Going on 34 and starting the second year of his contract as a Met, Castillo is very much a different player. Plagued by nagging injuries, he is unmistakably slower and at times, looks hobbled when attempting to field his position. The burning question when the Mets acquired him then and even now is whether or not he is still healthy.

“We feel that he should be fine going forward,” Minaya said at the time of the signing. “He was one of the guys that we definitely considered.”

But to Mets fans, Castillo is probably the most unpopular player on the ball club. His short time with the organization has been viewed as an overall failure, leading critics to call for a buyout of the rest of his contract.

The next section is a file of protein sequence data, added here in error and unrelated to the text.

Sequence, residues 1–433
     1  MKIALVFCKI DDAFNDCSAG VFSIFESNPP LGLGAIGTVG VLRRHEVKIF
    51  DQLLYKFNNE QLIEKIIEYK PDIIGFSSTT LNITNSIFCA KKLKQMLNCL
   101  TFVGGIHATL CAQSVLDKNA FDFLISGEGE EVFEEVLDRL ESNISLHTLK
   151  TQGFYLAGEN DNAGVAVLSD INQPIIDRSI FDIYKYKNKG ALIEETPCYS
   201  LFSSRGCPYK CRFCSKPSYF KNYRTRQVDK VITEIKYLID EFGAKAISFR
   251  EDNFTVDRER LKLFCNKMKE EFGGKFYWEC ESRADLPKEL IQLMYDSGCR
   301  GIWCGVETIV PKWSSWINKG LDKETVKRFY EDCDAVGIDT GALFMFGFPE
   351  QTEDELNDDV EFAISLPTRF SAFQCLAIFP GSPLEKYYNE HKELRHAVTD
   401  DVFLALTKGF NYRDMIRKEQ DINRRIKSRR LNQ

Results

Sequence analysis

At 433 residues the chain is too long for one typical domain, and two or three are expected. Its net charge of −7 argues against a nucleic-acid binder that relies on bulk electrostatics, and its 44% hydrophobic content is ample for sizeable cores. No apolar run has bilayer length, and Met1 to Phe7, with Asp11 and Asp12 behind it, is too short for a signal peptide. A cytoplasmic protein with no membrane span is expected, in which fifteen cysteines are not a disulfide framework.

Castillo in the meantime has re-dedicated himself to off-season training to ensure that he is in top condition for the 2009 season. Minaya reinforced his second baseman’s commitments by saying, “[So far] his weight, body fat and in all things you would want to see, are doing well.”

With the start of this season just around the corner, the veteran Castillo will be one of the players most scrutinized right from the get-go. If he performs out of the box poorly, the front office may not be as patient as they have been in the past. Even with a formidable resume, the perennial contact hitter may find himself searching for another employer if the team does not receive the desired results.

Castillo is all too aware of what’s at stake. “You know how it is here, we know how the fans are when you don’t do well,” he said one day last season after being given the day off.